## Basic concepts

### Definition of a graph

A graph is a binary consisting of a set of points V={vi}V={vi} and a set E={ek}E={ek} of unordered pairs of elements in VV, denoted G=(V,E)G=(V,E), elements vivi in VV are called vertices and elements ekek in EE are called edges.

For two points u,vu,v in VV, if the edge (u,v)(u,v) belongs to EE, then the two points u,vu,v are said to be adjacent and u,vu,v is called the endpoint of the edge (u,v)(u,v).

We can denote the number of edges in the graph GG by m(G)=|E|m(G)=|E| and the number of vertices in the graph GG by n(G)=|V|n(G)=|V|.

### Definition of an undirected graph

For any edge (vi,vj)(vi,vj) in EE, if the edge (vi,vj)(vi,vj) has unordered endpoints, then it is an undirected edge, and the graph GG is then called an undirected graph. An undirected graph is the simplest graph model, and the following figure shows the same undirected graph, with vertices represented using circles and edges as lines between vertices, without arrows.

## API for undirected graphs

For an undirected graph, we care about the number of vertices of the graph, the number of edges, the adjacent vertices of each vertex and the add operation of the edges, so the interface is shown below.

  1 2 3 4 5 6 7 8 9 10 11 12 13 14 15 16 17 18 19 20 21 22 23 24 25 26 27 28 29 30 31  package com.javaisland.graph; /** * undirected graph */ public interface Graph { /** * return the number of vertices in the graph */ int V(); /** * Returns the number of edges in the graph */ int E(); /** * Add an edge to the graph * @param v vertex v * @param w vertex w */ void addEdge(int v, int w); /** * return all adjacent vertices * @param v vertex v * @return all adjacent vertices */ Iterable adj(int v); } 

## Implementation of undirected graph

Representing graphs with matrices is often convenient for studying the properties and applications of graphs. There are various matrix representations for various graphs, such as the power matrix and the adjacency matrix, and here we are only concerned with the adjacency matrix.

We can use a two-dimensional Boolean array A to implement the adjacency matrix when A[i][j] = true indicating that vertices i and j are adjacent.

For a graph GG with nn vertices, the adjacency matrix consumes a space of size n2n2 boolean values, which is very wasteful for sparse graphs and can be astronomical when the number of vertices is large. Also, when the graph is special, with self-loops and parallel edges, the adjacency matrix representation is powerless.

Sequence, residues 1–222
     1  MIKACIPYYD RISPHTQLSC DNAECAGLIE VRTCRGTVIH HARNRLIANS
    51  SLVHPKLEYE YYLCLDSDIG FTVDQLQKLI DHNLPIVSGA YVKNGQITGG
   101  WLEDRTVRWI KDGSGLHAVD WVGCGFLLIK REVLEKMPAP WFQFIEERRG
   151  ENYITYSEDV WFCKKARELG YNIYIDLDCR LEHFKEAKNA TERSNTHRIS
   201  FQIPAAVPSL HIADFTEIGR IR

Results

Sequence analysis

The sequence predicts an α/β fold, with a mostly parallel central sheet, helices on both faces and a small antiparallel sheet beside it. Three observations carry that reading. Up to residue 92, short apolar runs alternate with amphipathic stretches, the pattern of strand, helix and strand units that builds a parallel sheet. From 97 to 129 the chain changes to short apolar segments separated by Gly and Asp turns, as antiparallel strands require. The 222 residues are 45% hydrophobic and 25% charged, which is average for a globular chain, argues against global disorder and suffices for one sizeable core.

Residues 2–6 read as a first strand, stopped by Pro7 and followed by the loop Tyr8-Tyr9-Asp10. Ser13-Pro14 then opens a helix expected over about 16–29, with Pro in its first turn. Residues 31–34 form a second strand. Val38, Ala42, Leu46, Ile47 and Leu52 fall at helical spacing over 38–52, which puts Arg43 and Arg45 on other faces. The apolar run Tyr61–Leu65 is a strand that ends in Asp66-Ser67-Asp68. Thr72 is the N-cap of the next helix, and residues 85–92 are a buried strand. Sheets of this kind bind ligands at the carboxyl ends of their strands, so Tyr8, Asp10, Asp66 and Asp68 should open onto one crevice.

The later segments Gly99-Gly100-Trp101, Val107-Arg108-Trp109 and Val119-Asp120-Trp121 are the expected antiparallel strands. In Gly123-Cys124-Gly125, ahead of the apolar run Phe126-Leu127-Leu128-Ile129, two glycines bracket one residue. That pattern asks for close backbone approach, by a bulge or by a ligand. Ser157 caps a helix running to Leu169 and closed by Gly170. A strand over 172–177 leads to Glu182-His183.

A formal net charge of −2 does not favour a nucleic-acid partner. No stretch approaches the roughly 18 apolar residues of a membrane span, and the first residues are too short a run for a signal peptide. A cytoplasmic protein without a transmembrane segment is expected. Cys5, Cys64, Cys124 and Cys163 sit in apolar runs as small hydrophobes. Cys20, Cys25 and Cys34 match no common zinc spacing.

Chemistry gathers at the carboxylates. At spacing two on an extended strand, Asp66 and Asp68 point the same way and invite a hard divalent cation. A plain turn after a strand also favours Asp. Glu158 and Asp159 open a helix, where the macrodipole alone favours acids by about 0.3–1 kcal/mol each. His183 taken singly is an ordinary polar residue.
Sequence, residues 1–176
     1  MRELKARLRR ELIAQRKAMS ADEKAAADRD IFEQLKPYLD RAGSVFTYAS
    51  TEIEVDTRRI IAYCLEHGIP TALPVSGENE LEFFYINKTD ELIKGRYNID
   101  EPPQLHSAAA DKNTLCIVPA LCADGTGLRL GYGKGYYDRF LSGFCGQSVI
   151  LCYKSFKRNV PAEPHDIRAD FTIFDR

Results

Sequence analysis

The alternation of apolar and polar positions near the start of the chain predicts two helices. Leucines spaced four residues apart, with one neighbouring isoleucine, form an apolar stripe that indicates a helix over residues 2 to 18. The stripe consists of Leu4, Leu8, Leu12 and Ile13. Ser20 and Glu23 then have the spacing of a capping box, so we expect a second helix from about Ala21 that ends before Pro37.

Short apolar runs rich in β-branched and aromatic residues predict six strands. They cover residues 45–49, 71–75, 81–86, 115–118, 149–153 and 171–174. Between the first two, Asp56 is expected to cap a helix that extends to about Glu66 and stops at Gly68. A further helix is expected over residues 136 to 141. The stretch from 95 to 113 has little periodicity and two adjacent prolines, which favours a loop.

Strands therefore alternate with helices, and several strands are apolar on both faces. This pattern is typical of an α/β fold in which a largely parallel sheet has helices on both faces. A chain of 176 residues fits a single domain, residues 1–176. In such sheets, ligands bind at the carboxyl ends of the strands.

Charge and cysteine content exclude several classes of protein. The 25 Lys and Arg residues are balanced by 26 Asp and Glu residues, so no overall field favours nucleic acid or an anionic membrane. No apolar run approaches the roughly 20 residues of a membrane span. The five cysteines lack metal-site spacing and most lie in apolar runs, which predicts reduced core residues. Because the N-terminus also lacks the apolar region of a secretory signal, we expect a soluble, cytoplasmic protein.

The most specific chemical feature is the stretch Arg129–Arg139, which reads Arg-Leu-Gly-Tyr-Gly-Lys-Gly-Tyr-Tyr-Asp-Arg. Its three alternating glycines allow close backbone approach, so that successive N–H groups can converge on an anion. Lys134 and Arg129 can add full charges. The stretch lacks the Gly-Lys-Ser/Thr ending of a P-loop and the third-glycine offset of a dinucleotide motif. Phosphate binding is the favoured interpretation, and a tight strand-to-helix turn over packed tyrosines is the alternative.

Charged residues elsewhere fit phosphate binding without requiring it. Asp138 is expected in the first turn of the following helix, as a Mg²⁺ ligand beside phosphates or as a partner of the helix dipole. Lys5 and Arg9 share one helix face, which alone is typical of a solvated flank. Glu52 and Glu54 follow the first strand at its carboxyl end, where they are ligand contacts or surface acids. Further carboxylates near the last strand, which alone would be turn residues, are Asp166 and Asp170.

### Arrays of edges

For undirected graphs, we can implement a class Edge with only two instance variables to store the two vertices uu and vv, and then just keep all Edges inside an array. This has a big problem, that is, when getting all adjacent vertices of vertex vv, you have to traverse the whole array to get them, the time complexity is O(|E|)O(|E|), and since getting adjacent vertices is a very common operation, this representation is not very good.

If we represent a vertex as an integer taking values in the range 0∼|V|-10∼|V|-1, then we can represent each vertex by the index of an array of length |V||V|, and then set each array element as a chain table with the other vertices adjacent to the vertex represented by the index mounted on it. The undirected graph shown above can be represented by the array of adjacency tables shown in the following figure.

The code to implement an undirected graph using adjacency tables is shown below. Since each link in the adjacency table array holds the vertices adjacent to the vertices, adding edges to the graph requires adding nodes to both links in the array as follows.

  1 2 3 4 5 6 7 8 9 10 11 12 13 14 15 16 17 18 19 20 21 22 23 24 25 26 27 28 29 30 31 32 33 34 35 36 37 38 39 40 41 42 43 44 45 46  package com.javaisland.graph; import com.javaisland.collection.stack.LinkStack; /** * An undirected graph implemented using adjacency table */ public class LinkGraph implements Graph { private final int V; private int E; private LinkStack[] adj; public LinkGraph(int V) { this.V = V; adj = (LinkStack[]) new LinkStack[V]; for (int i = 0; i < V; i++) { adj[i] = new LinkStack<>(); } } @Override public int V() { return V; } @Override public int E() { return E; } @Override public void addEdge(int v, int w) { adj[v].push(w); adj[w].push(v); E++; } @Override public Iterable adj(int v) { return adj[v]; } }